Wednesday, June 17, 2009

Constantine’s Sword

James Carroll, the author of Constantine's Sword: The Church and the Jews – A History is a former Catholic priest. This only one of innumerable personal details one learns from what is a very personal book.

Which helps makes it a long-winded book, as does the author’s writing style. It also provides a very immediate and personal wrestling with issues of faith, the nature of Christianity and the role of the Jews in Christian history that concern the author.

Constantine’s Sword is very focused on the issue of the Holocaust, the Shoah and the questions (personal, theological, historical) it provokes. Part One, A Cross at Auschwitz, discusses the controversy over the erection of a giant Cross as a memorial at Auschwitz, a controversy which weaves in and out of the narrative throughout the book.

The rest of Part One is a discussion of Carroll's personal history and the shifts in his awareness that there are deep problems, even now, with the Catholic attitude to Jews and Judaism, resting on the proposition that Jesus was the Messiah and the Jews, as Jews, rejected Him: to the point of being God-killers. The latter claim rather lets the Romans off the hook: a theme of the book is dissecting the effects of the Roman Empire’s embrace of Christianity (and Christianity’s embrace of the Roman Empire). With that embrace, blaming the Empire for Jesus’s death became even more problematic. If a defeat (crucifixion) can be become a victory, then a victory (adoption by the Empire) can become a defeat.

The most shameful error in the book is where Carroll writes that the Vietnam War ended in 1973 (p.51): a prime example of the repellent American narcissism of so many American progressivists. The Vietnam War ended in 1975. (And, for the people of Kampuchea, the horror was just beginning.) It was merely direct American involvement that ended in 1973. What increases the irony is that it is at the tail end of a discussion about Carroll, as a Catholic, “not getting” Jewish perspectives.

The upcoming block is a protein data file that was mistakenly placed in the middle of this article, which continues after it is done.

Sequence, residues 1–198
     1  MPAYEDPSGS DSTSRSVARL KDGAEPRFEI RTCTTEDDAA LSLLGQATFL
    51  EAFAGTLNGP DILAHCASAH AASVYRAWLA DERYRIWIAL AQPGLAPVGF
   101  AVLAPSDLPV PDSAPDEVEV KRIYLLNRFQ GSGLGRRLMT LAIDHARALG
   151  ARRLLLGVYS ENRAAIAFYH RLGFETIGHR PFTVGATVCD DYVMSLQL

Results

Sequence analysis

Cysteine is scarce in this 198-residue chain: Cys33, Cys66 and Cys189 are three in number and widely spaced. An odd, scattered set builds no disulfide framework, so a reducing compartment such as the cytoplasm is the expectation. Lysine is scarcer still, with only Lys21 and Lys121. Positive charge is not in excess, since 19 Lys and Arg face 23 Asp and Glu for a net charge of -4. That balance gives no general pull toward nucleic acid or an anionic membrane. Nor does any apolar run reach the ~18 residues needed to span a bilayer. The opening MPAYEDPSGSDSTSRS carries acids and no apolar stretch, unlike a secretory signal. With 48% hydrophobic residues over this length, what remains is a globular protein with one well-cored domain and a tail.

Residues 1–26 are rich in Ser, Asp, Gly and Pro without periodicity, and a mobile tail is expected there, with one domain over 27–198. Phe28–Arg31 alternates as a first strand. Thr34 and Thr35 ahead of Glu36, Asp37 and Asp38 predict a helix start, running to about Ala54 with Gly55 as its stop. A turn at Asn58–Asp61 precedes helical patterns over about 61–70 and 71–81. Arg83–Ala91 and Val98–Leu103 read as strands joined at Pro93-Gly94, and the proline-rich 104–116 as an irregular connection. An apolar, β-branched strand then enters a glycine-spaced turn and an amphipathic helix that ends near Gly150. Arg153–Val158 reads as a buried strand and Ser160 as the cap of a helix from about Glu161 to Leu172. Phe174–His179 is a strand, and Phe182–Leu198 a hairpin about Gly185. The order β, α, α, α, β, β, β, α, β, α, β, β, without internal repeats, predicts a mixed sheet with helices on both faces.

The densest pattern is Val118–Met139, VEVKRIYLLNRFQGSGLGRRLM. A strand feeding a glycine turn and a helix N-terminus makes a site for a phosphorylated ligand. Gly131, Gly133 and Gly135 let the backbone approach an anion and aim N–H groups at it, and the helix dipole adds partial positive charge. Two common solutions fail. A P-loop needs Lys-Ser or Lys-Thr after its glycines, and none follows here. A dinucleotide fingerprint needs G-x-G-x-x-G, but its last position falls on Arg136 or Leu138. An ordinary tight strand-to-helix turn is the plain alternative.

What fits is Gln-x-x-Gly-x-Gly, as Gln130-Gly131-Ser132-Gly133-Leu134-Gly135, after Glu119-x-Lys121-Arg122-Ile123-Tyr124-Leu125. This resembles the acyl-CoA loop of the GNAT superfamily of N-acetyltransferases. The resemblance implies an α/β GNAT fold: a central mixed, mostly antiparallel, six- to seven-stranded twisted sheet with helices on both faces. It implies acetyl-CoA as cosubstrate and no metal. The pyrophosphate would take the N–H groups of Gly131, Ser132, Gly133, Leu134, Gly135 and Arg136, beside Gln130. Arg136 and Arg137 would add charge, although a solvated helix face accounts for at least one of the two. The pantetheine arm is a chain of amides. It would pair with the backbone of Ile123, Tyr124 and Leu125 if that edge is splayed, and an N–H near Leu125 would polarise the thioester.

In Part Two New Testament Origins of Jew Hatred, Carroll takes Christian Jew-hatred right back to the beginning, examining Jew-hatred in the New Testament. During which Carroll conveys well the Catholic notion that Scripture is a creation of the Church (understood as the community of Christian believers).

In Part Three Constantine, Augustine and the Jews Carroll examines what the Christianising of the Roman Empire meant for Jews and Augustine’s role in enunciating a theology that permitted the Jews to survive, but not to thrive.

Part Four From Crusades to Conversionism looks at the Jews as the first (and regular) victims of the Crusades and the theology of Anselm (the crucifixion as the great salvation act with the monstrousness of it projected onto the Jews), Abelard (who held that the life of Jesus was the important thing: which Carroll regretfully calls a “minority report” theology) and Aquinas (who held that the Jews rejection of Christ was not an act of ignorance but of deliberate defiance).

Part Five The Inquisition: Enter Racism examines the baleful effect of the Black Death and the scapegoating of Jews, the Reconquista in Spain – where a resurgent Christianity imposed an intolerant dominance – the forced conversions of Iberian Jews and the creeping insecurity that such conversions were sincere, which led to the "tainted blood" laws and the notion that all Jews were tainted by the “crimes” of their ancestors. Carroll also looks at effects of the Reformation – Calvinism tended to have good effects for Jews – and Jewish responses to patterns in Christian attitudes.